Less than 50% of Cloverhill prisoners vaccinated against Covid


Fewer than half of the inmates in one of the State’s largest prisons have been vaccinated against Covid-19.

Cloverhill Prison in west Dublin is one of two prisons dealing with outbreaks of the disease and is currently under partial lockdown as a result.

Of its some 400 inmates, under 50 per cent have opted to take the vaccine. The average figure for the rest of the prison population is roughly 85 per cent while the figure for the Irish eligible population in general is about 92 per cent.

Cloverhill is a remand prison housing prisoners awaiting trial or sentencing. It also houses people detained on immigration matters.

Prison officials believe its low vaccination rate is partly down to the high number of non-nationals imprisoned there.

The CSO has found low vaccine uptake among several non-national communities in Ireland. According to its figures, just 44 per cent of central and eastern European people here were vaccinated as of the end of October.

Cloverhill prison also contains an outsized number of prisoners from hard-to-reach groups such as homeless people and those addicted to drugs, which may not have accessed the vaccine in the community before imprisonment.

Since the current lockdown was imposed on the prison earlier in the month, many inmates have expressed a desire to get vaccinated, sources said.

A second round of testing within the prison has just finished and management hopes the lockdown will be stood down this weekend. There are currently 16 positive cases in Cloverhill and another seven in the low-security progression unit at Mountjoy, which is also under partial lockdown.

The main part of Mountjoy is operating under a normal regime, the Irish Prison Service said. “Prisoners have access to physical visits and essential services, although services will likely be subject to some curtailment during the course of the outbreak and the associated Covid-19 staff testing programme.”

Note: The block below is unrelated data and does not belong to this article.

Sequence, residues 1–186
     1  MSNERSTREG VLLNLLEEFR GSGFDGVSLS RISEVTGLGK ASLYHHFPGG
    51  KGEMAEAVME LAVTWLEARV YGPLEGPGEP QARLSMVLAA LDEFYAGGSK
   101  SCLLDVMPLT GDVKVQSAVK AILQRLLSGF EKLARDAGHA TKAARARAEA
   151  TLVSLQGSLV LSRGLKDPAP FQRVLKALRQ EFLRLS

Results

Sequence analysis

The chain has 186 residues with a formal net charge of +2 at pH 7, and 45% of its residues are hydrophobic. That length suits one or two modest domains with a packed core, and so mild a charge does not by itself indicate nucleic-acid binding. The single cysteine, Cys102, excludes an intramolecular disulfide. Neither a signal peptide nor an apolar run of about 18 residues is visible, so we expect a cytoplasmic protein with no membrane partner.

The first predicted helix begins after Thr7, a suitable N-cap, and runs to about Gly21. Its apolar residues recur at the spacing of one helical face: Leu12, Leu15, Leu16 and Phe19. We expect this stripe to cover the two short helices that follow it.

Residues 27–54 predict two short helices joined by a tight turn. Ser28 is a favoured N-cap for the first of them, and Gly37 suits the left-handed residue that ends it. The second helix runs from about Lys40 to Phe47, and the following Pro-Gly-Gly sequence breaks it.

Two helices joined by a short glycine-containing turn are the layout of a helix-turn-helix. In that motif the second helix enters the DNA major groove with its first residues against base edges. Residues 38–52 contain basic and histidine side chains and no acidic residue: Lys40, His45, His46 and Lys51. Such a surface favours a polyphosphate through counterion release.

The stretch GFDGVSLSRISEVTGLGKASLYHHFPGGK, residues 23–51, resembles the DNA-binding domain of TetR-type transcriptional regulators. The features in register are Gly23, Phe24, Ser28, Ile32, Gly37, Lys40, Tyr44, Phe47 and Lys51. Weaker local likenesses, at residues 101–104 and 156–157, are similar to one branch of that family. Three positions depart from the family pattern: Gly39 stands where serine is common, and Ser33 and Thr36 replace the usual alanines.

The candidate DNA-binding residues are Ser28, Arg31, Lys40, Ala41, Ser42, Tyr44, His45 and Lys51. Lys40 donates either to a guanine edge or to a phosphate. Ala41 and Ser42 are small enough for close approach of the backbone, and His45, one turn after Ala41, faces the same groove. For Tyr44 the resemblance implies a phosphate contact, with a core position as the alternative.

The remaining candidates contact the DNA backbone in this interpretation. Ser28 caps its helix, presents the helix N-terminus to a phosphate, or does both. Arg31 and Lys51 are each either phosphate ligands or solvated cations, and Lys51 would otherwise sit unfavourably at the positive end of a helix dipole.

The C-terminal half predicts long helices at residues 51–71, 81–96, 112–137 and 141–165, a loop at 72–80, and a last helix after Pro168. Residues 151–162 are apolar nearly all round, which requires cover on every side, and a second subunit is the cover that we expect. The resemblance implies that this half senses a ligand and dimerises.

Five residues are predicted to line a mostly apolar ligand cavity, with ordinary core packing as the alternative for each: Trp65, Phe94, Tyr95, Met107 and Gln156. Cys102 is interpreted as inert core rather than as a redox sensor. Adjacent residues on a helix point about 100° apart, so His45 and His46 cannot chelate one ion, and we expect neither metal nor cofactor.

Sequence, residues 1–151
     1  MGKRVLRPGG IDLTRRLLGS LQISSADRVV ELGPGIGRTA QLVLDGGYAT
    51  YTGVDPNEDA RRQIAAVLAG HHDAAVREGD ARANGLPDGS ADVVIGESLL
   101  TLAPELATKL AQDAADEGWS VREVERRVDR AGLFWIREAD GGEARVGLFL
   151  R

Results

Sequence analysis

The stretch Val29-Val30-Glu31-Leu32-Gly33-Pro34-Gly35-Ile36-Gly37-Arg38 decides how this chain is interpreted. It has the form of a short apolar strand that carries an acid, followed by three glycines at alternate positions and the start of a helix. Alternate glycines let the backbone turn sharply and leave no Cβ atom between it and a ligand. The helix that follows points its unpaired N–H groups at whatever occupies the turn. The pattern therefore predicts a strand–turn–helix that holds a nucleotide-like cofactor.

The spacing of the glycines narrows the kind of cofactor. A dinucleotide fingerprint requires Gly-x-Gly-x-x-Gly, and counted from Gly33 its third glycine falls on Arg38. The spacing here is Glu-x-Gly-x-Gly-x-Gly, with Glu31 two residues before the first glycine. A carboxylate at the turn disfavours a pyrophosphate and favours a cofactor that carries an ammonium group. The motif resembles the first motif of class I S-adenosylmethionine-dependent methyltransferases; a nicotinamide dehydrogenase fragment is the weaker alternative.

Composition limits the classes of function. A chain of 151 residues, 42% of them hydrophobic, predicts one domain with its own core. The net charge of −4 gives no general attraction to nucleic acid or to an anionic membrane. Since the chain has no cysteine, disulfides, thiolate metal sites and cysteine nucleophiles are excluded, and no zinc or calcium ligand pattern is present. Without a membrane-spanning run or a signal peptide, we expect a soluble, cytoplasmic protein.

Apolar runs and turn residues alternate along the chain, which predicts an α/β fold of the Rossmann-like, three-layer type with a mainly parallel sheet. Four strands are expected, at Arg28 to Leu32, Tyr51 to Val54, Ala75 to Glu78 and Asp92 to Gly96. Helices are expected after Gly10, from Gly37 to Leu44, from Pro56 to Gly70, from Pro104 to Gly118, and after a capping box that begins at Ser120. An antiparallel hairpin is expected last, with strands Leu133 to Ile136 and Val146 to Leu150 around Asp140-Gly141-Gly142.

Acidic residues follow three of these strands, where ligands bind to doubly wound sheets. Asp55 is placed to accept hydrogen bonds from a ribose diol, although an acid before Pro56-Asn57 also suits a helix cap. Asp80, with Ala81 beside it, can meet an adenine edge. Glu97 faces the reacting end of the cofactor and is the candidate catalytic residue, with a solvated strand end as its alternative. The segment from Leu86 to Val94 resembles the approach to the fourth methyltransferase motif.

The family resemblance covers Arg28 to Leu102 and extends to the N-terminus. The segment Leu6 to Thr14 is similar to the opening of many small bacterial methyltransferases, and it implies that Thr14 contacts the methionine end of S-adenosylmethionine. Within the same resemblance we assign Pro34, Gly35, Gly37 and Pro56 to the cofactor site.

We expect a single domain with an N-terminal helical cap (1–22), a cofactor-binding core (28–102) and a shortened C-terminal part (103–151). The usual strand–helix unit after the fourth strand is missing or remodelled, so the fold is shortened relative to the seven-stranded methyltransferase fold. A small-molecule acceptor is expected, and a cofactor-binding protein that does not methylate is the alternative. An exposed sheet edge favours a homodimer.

Another outbreak alert in the Midlands Prison was stood down last week.

There is also concern about the vaccination rate at Castlerea Prison in Roscommon where only about 70 per cent of inmates are vaccinated. There is currently no outbreak there.

About half of Castlerea’s 270 prisoners are members of the Traveller community, who officials say have been sometimes hesitant to get the vaccine. “We don’t know why really. It’s a problem we’re trying to deal with,” one source said.

An educational campaign on the vaccine’s safety and benefits has had some impact in improving the figure recently, it is understood.

Booster vaccine

The roll-out of the booster vaccine is also taking place in prisons on the same terms as in the community, with elderly and at-risk prisoners being prioritised.

The issue of Covid in prisons was raised on Thursday in the Dáil where Minister for Justice Helen McEntee said there had been 277 cases of the virus in the prison population since the outbreak of the pandemic.

Ms McEntee told Labour TD Duncan Smith that 112 prisoners had already tested positive for the virus before they were committed to prison.

She confirmed “there have been hospitalisations” and referring to the death of one prisoner with Covid, she said it was the first death in custody linked to the virus, “which was extremely distressing and upsetting for everyone working in the prison”. It is understood the prisoner who died was serving a life sentence for murder and had been suffering from a terminal illness.

Ms McEntee commended the prison service and said management and staff were all “working tirelessly” to try to combat the virus.

Mr Smith asked about the impact on access to the courts and the number of hospitalisations in the prison population. The Dublin Fingal TD stressed that “the intent of this question was a genuine update. It wasn’t a kind of ‘gotcha’ or anything like that, because our prison service has done a remarkable job since the start of the pandemic” in trying to keep the virus under control, he said.

The Minister, who confirmed there had been hospitalisations, told him the virus had affected the ability of the Courts Service to operate normally, and there had been greater use of information technology.



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